Darwin’s theory of natural selection sounds quite lovely, as soft-focus nature browses to select the prettiest flowers to match it’s rousing theme music. But is actually part of the cruel evolutionary process of survival of the fittest; or, elimination of the weakest. Funny how we don’t call it that. Such a cruel process of nature, it was one of the reasons Darwin, a ‘sort of’ Christian, began to question faith in the God of natural theology. How could there be such cruelty in a godly world?
We humans like to think we’re above the cruelty of nature, but in these turbulent political times I think it’s clear we’re not. Christians can be unpopular when we talk about humans being innately “sinful”. It sounds unfair, harsh, after all, just look at all the goodness in the world… But it is in our nature to survive, our instinct to preserve our own at all costs. That’s why Jesus’ teaching about actively loving those who are not our kin were controversial then, and still are now. Which is how we get from Darwin to the election.
This upcoming election will not be about the economy, or immigration, or the NHS, although it will look like it is. Instead it will be about innate human selfishness. It will be the election of natural (s)election – the ‘what’s in it for me’, survival-of-the-fittest generation grabbing whatever toys they can and clutching them like angry toddlers. Black Friday in a suit.
Or can we be better than that? Can we choose to vote for policies that don’t directly benefit us? Can we put our own situation in second place to society’s need? Will wealthy Christian individuals and business leaders openly speak out for intentionally paying tax? Will the capable and motivated campaign for issues that do not just affect them, but the weakest around them?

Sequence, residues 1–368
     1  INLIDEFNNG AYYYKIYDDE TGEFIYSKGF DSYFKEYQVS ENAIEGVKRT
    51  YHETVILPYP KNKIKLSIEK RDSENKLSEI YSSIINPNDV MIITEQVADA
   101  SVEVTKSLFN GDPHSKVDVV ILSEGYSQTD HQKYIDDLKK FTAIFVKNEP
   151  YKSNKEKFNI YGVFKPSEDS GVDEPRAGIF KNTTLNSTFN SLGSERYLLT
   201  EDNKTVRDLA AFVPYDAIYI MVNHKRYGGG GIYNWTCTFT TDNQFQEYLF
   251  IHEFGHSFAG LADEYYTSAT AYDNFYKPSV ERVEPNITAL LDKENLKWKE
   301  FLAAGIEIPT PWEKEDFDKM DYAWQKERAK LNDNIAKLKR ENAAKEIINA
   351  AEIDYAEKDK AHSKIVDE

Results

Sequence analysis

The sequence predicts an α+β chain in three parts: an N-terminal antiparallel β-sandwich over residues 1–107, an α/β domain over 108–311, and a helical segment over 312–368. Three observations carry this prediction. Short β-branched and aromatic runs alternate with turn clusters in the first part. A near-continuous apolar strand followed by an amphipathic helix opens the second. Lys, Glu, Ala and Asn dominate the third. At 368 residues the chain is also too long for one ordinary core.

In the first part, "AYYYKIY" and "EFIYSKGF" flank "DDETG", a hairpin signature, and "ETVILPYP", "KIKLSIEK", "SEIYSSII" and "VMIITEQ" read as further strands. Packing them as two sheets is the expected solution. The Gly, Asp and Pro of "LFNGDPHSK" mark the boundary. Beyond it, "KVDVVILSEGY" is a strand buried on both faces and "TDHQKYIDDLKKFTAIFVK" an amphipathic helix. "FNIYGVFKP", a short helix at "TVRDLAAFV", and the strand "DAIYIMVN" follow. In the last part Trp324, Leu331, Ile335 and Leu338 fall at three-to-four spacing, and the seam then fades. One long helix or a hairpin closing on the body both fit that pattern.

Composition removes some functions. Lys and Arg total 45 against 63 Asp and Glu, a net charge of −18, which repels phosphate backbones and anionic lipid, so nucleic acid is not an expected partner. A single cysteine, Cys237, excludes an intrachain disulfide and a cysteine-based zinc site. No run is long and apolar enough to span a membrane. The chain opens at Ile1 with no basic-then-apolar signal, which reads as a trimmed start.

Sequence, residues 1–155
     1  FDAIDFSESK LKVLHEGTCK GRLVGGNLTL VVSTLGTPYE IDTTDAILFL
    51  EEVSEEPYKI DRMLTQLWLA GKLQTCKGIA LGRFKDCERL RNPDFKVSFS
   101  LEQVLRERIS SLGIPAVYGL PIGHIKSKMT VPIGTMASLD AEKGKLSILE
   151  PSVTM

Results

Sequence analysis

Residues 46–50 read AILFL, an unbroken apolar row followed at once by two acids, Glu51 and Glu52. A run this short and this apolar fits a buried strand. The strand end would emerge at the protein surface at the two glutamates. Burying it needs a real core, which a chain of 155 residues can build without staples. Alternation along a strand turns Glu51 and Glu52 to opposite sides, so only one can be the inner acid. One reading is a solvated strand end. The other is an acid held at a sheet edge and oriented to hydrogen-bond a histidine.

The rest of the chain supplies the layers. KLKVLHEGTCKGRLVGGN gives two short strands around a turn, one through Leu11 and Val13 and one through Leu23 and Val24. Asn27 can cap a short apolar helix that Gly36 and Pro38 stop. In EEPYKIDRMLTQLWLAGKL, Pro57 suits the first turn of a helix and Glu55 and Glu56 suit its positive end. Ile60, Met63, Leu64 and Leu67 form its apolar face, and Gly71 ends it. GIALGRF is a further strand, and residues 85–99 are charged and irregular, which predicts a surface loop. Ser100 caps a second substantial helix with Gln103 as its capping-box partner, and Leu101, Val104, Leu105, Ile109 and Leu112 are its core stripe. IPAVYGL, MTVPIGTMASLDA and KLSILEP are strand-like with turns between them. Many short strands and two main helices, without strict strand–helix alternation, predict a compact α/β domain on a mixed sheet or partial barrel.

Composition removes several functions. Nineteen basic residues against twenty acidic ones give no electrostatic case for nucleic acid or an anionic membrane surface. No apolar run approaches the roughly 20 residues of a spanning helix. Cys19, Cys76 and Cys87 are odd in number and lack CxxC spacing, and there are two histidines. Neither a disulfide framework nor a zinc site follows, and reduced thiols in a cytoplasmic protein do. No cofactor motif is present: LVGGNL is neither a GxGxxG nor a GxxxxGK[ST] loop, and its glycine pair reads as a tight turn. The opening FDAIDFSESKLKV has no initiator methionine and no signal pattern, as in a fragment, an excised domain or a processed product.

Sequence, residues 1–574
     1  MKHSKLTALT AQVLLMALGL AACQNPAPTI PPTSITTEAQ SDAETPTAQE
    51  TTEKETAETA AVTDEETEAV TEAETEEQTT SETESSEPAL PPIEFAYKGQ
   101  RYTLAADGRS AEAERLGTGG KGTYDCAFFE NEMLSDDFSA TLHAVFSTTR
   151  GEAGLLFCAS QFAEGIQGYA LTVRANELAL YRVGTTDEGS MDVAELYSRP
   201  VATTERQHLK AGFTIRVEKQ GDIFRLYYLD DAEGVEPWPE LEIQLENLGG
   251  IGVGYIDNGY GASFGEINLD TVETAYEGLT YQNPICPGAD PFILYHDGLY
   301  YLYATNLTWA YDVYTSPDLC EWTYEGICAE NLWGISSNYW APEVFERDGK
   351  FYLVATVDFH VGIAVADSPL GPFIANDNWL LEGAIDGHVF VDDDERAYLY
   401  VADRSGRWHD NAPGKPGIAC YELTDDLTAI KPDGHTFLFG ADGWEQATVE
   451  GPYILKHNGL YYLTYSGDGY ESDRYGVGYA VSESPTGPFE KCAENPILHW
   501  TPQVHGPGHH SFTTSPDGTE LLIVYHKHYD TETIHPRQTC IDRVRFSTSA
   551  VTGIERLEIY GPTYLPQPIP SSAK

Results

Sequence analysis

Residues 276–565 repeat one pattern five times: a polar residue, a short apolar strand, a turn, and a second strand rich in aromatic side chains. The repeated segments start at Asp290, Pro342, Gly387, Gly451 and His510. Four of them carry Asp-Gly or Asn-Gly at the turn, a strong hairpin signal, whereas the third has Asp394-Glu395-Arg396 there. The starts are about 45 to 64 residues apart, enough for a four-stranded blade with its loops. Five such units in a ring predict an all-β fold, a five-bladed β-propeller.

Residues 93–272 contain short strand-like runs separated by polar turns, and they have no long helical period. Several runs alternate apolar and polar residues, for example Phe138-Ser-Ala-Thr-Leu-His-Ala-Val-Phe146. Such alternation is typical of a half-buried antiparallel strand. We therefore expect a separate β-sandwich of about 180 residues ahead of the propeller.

The Christian story doesn’t stop at the sinfulness of humanity. Our story goes on to speak of the generosity of God, of his grace that transforms our sinfulness into love and kindness and sacrifice. Our story overcomes natural selection to a very unnatural selection, in which our model is Jesus, who did not clutch his equality with God like a toddler, but made himself nothing for us; in which we look to love and support the weakest, not eliminate them.
May this upcoming election campaign be one that does not degenerate into a selfishness competition, in which our greatest value is tolerance; but one in which outward-looking values of love, generosity, humility and loving our neighbour triumph. To do that, it must begin with us.